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      This story of The Mayflower Cafe and the Janoplis Family written by John Bell was taken from The Provincetown Advocate the local newspaper around 1975.

 "Mike Janoplis has been a worker all his life. He will never retire. His brother Sam, five years younger sold Mike his share of The Mayflower Café long ago and retired-a familiar    tall figure greeting friends with two-handed handshakes and Old World courtesy. Mike’s first employer here, Nicholas Melitopolous, retired from the food business decades ago. Mike Janoplis keeps on working behind The Mayflower bar.

His sons Mike Junior and Sammy, say their father is semi-retired. This may only reflect the change in mike’s position in 1962 when his sons bought the business from him and became the second generation of Mike and Sammy owners of The Mayflower.

The boys hadn’t been born yet when their father and uncle built the café in 1929-30. Later they spent their after school hours there, providing perhaps the first unlicensed entertainment ever offered in Provincetown. Their antics drove Uncle Sammy into arm-waiving frustration and brought sharp words from Mike Sr., but the customers loved it.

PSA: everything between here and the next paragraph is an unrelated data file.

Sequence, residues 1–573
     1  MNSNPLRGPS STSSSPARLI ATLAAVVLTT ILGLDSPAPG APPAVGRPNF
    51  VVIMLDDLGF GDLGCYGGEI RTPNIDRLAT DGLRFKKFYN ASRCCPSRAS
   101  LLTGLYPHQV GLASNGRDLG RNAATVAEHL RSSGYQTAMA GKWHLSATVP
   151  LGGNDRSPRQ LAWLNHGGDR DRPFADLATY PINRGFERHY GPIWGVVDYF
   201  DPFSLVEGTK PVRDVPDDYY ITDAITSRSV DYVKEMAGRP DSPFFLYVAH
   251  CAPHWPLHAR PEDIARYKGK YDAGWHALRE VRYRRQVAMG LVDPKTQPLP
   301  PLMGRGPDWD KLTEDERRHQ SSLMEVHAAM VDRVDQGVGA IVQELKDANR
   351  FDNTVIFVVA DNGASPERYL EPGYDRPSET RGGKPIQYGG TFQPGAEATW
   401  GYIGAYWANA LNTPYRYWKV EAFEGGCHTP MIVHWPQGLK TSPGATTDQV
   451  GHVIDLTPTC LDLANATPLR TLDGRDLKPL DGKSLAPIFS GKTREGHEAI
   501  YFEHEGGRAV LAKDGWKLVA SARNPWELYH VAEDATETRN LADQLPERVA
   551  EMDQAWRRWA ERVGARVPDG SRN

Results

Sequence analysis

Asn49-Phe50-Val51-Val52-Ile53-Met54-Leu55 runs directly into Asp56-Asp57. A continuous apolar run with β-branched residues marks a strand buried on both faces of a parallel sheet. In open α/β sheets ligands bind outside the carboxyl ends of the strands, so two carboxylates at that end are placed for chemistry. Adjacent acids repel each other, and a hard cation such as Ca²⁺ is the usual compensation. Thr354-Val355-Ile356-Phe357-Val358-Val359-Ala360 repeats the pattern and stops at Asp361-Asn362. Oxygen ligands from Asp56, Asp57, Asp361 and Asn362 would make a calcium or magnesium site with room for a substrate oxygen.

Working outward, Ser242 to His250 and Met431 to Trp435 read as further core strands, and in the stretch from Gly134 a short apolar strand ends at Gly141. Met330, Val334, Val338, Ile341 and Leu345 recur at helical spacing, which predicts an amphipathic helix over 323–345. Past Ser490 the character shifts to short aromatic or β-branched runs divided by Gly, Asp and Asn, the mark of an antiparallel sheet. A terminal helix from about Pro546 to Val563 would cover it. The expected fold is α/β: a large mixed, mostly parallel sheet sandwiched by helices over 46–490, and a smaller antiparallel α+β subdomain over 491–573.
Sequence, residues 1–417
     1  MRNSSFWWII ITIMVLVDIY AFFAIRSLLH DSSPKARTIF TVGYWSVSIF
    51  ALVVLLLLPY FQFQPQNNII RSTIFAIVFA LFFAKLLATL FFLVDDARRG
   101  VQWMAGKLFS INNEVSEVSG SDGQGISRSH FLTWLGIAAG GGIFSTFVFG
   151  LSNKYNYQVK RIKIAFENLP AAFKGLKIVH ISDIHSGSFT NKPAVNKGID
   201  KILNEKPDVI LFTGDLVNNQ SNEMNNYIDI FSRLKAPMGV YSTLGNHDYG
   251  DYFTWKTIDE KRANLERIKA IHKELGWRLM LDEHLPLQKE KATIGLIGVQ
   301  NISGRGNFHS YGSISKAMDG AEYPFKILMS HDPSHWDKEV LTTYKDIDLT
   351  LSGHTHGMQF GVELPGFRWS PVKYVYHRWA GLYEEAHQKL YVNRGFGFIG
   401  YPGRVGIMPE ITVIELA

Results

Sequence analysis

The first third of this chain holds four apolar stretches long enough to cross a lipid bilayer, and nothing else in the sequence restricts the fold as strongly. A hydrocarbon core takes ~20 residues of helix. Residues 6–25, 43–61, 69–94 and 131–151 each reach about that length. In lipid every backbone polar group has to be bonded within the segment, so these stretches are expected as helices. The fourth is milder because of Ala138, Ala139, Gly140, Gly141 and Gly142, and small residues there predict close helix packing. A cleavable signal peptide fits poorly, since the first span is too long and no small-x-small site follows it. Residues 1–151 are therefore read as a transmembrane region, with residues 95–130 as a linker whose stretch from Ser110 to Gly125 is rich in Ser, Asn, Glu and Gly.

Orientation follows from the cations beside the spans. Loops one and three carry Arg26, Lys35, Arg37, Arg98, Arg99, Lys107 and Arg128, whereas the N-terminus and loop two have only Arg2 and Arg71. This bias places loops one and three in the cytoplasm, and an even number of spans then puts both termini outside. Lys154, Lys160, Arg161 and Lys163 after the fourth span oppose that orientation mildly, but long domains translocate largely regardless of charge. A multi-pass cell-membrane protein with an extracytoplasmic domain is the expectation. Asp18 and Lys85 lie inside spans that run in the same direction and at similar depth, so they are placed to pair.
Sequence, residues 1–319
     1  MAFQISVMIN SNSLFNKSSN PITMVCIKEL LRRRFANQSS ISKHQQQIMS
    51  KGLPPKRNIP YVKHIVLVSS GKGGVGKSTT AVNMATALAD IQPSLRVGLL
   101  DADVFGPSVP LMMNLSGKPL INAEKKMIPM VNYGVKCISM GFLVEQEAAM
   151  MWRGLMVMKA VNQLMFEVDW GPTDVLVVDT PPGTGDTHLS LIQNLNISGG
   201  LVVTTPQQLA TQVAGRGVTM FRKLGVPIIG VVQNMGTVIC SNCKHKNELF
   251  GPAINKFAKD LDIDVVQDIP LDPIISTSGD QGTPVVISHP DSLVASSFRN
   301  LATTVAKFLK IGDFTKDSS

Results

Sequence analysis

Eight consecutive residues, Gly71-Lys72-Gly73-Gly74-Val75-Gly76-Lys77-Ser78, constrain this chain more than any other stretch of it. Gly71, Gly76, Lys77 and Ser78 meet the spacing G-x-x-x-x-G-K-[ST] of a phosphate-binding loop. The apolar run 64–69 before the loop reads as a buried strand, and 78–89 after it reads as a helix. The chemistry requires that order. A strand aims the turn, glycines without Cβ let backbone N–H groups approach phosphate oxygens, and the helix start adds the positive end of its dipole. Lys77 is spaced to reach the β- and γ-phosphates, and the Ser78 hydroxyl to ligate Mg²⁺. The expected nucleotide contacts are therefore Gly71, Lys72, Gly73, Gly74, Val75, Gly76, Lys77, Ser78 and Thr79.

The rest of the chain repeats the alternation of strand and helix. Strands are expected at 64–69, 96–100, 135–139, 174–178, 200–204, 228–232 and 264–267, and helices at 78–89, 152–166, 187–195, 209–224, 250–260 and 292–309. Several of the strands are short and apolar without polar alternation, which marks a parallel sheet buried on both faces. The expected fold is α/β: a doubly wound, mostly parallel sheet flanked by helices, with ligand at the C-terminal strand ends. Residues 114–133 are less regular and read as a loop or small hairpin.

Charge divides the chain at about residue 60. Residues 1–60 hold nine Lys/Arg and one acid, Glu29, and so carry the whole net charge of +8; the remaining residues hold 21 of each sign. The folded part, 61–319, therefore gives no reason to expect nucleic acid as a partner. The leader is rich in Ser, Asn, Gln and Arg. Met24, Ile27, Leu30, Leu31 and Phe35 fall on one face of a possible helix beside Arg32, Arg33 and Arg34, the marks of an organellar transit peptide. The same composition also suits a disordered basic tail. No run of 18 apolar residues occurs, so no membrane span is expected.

After WW II, when I first knew Mike, most of The Mayflower’s five o’clock customers were carpenters stopping in for a beer before supper. They could be sure, of one thing, that Mike would remember what brand of beer they liked, and would have it poured by the time they sat down. For another they could be sure of Mike’s attention while they discussed the day’s work, for Mike was quite the carpenter himself. Every winter Mike improved the place, rearranging the bar and food counter, repainting the ceiling and walls. He did good work in spite of interference by his gang of sidewalk superintendents.

And while his changes updated the food service and his help’s working conditions, they left the high wainscoting on the walls, the beamed ceiling, and the large dining booths. The Mayflower remains a "sit down" restaurant in comfortable contrast to it’s "through the window" neighbors.

See America First
Mike wasn’t always a restaurateur. When he got off the boat in New York in 1908, he and his compatriots were put aboard a train to Kansas City Missouri. From there they were sent to Oklahoma, where severe washouts had halted rail traffic. Directed through a Greek interpreter, they rebuilt the railbeds, living in company owned shelters, buying clothes from the railroad timekeeper who deducted the cost from their wages.

Fifty cents may seem cheap today for a jacket or a pair of overalls. But Mike and his companions worked six ten-hour days a week for 11 cents an hour. Occasionally they worked Sunday’s, too, for an extra 1.10- no such thing as overtime wages then. Mike’s next job, on Rock Island Railroad, paid him better-15 cents an hour.